Anne Robinson, Karen Saxby
Nobility and grace are restored in our filigreed Restoration design. Originally crafted in 1675 by the Queens’ Binder “A,” the balance of open space and intricate elements make it a shining jewel of the period. The binding was created to hold The Government of the Tongue by Richard Allestree, provost of Eton College.
Nobility and grace are restored in this striking filigree design. Originally crafted by the Queens’ Binder A, one of the most prolific book binders of the Restoration period, the binding held Richard Allestree’s The Government of the Tongue. The balance of open space and intricate elements, like the gorgeous frame and harmonious little stars, make it a shining jewel of 17th-century English bookbinding.
The “Queens’ Binder” was a name given by G.D. Hobson to a small group of English bookbinders during the “Golden Age of English Bookbinding.” They were known for featuring pointillé outlines rather than floral volutes, which were much more widely used during the era. Modern research indicates that the Queens’ Binder was in fact four distinct shops, and even individual binders such as “A” could refer to multiple artisans.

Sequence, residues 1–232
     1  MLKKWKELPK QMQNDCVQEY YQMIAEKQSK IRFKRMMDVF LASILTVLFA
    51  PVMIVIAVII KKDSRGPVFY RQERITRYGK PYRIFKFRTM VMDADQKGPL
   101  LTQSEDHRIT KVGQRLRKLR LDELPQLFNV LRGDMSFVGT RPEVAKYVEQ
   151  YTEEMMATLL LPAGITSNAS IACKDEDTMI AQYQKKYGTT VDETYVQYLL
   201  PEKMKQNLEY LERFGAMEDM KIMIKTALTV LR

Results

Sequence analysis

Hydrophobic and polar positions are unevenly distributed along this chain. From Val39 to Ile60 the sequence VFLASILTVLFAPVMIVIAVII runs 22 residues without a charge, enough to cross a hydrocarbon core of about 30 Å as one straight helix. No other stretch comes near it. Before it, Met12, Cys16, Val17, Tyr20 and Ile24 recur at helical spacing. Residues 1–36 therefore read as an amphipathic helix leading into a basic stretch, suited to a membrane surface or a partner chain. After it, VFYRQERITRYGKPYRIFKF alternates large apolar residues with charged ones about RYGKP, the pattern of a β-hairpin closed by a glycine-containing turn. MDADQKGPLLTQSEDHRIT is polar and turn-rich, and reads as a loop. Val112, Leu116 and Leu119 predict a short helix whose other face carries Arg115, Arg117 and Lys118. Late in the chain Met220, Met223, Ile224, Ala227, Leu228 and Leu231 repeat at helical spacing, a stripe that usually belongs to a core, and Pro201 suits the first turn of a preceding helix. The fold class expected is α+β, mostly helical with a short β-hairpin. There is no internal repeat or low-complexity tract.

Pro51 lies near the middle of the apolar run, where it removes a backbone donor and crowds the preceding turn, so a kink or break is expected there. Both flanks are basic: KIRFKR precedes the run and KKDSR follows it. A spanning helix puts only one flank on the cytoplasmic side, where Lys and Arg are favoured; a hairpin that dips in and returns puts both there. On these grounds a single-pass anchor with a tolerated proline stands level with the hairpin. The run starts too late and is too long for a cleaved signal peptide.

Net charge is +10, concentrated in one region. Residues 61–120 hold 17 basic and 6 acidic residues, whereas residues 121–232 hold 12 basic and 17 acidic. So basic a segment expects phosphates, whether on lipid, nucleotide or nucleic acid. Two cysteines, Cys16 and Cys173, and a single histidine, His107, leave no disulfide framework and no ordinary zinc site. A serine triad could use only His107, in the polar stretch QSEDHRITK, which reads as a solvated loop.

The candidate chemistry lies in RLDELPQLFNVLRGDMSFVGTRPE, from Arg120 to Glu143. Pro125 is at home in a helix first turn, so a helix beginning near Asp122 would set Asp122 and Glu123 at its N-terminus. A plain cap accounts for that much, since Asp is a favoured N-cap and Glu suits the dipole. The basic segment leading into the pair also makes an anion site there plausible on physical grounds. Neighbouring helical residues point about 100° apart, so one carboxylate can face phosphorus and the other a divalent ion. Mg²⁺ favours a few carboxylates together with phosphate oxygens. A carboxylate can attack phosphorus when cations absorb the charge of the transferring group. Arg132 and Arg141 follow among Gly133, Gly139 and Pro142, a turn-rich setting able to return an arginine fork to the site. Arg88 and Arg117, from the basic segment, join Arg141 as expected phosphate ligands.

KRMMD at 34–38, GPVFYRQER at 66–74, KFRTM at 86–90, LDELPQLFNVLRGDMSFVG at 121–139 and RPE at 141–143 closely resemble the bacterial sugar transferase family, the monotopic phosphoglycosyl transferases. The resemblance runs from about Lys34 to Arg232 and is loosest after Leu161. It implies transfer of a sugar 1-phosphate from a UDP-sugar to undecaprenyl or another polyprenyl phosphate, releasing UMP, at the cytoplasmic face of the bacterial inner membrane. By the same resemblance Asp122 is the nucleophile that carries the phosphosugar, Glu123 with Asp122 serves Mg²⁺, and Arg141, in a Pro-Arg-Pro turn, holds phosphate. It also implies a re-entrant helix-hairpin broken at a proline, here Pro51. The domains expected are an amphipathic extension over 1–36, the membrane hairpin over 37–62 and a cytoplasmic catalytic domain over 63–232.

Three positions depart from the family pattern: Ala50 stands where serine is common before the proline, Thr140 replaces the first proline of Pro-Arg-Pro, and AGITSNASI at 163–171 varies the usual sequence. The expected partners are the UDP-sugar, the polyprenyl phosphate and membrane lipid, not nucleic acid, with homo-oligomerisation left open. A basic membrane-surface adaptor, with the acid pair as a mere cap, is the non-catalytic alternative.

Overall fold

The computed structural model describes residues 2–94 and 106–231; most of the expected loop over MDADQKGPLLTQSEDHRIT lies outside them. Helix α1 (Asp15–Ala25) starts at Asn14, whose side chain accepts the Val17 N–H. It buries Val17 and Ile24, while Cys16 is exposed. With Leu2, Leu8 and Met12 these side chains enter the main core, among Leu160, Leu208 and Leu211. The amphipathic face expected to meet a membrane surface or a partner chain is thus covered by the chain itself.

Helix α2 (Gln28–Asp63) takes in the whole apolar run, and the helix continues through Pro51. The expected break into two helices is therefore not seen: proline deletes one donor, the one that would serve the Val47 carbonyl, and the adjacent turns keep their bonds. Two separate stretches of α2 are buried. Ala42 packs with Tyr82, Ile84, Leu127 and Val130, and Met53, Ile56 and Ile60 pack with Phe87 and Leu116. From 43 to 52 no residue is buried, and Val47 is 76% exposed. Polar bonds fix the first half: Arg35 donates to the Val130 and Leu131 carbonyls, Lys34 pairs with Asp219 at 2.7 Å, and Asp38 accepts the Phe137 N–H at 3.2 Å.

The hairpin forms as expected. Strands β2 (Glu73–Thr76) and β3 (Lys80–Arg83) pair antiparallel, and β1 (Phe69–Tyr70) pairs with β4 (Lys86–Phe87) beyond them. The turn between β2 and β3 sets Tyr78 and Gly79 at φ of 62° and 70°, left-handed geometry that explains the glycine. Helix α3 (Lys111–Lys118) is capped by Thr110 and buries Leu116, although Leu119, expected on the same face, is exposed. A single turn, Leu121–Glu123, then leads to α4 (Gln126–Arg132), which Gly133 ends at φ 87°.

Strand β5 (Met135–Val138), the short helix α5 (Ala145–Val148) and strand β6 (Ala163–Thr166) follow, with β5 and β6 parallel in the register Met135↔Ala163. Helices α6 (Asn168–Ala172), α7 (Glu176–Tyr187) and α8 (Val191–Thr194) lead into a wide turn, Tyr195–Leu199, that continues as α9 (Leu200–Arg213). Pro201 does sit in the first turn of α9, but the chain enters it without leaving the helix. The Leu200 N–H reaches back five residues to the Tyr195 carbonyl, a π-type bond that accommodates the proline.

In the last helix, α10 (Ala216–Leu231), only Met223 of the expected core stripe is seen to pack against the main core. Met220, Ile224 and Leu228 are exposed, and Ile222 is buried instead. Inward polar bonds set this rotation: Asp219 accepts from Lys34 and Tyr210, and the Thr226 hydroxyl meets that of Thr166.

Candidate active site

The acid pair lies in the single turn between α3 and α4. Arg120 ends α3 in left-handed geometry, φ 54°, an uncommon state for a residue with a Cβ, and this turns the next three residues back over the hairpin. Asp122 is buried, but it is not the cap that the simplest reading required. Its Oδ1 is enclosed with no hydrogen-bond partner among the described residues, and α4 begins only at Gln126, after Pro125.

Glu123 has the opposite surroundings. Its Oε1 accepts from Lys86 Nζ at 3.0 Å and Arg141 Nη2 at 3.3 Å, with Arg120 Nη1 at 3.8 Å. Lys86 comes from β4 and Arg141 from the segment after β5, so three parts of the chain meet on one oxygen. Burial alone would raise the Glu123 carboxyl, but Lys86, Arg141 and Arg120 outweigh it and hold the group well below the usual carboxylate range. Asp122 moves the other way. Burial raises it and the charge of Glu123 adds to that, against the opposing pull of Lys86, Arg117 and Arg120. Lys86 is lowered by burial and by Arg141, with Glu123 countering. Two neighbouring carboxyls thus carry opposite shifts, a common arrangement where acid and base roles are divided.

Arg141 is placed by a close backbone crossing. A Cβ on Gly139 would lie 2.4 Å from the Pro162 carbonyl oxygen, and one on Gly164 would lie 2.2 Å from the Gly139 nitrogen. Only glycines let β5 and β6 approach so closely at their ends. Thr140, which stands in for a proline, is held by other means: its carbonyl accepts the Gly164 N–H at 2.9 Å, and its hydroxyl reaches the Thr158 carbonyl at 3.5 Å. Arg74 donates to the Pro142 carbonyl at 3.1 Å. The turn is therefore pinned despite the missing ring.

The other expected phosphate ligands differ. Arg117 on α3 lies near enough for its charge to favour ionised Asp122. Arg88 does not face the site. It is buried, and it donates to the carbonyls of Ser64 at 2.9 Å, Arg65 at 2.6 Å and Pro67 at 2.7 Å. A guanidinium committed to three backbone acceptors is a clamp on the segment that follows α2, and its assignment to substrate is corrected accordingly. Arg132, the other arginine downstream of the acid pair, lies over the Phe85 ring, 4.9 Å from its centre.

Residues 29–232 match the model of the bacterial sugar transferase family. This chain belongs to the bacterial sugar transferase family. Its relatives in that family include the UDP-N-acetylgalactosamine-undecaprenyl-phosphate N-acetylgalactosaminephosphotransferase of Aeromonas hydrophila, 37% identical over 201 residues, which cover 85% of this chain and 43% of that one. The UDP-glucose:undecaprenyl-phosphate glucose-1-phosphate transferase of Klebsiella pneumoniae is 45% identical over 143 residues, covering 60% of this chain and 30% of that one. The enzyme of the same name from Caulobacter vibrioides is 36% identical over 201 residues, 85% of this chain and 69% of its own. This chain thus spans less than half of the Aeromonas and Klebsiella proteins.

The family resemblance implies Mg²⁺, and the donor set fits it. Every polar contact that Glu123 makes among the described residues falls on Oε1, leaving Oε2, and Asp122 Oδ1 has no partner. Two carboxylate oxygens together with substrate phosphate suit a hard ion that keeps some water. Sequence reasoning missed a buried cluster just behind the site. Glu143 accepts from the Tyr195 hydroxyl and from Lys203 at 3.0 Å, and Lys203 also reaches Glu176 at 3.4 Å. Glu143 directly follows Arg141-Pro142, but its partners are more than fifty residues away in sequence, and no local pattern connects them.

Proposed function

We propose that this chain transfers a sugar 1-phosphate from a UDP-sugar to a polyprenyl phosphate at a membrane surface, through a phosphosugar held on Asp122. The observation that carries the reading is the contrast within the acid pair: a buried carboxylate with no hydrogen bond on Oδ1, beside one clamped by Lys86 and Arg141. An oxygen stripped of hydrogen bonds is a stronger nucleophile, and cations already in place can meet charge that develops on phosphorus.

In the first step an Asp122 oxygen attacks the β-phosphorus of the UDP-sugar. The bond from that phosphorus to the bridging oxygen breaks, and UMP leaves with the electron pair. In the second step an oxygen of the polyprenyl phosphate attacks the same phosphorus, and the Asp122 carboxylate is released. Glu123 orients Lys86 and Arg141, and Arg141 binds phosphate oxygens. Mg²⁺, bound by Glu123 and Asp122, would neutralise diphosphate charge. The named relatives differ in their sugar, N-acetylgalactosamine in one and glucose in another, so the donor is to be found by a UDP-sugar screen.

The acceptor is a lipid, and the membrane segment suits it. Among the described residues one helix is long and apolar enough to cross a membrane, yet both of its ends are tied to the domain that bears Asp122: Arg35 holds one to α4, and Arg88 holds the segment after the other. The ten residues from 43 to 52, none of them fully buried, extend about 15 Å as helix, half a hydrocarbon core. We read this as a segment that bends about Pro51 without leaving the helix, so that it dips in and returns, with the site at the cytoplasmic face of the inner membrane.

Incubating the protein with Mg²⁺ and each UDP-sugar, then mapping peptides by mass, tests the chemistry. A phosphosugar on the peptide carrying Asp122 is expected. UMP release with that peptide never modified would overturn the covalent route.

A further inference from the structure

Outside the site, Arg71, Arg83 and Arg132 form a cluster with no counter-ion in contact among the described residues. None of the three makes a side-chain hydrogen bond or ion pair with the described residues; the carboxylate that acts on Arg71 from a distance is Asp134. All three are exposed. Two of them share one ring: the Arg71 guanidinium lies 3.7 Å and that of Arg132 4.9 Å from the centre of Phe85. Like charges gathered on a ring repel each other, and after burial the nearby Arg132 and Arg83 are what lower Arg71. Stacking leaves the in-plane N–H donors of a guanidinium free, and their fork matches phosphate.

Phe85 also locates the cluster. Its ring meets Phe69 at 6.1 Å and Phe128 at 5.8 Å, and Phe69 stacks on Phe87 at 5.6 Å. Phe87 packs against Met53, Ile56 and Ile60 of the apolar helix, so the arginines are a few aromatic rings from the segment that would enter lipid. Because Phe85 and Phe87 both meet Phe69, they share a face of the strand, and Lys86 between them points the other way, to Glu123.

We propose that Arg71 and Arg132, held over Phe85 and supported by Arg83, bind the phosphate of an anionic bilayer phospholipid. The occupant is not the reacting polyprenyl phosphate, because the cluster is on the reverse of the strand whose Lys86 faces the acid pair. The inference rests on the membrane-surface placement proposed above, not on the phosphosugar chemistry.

While the name or names of the binder called “A” is not known, at least one of the artists is thought to be William Nott, an important figure in the book trade who operated as a bookseller, stationer and publisher. The quality of the bindings attributed to A also vary considerably, but there is no question as to the excellence of this specific piece. The Government of the Tongue was an important work during its day and, as provost of Eton College, Allestree would have been able to demand the highest quality for his publication.
Today, the original binding is a part of the Henry Davis gift at the British Library. We are happy to have had the opportunity to restore it to its original glory for this Paperblanks design.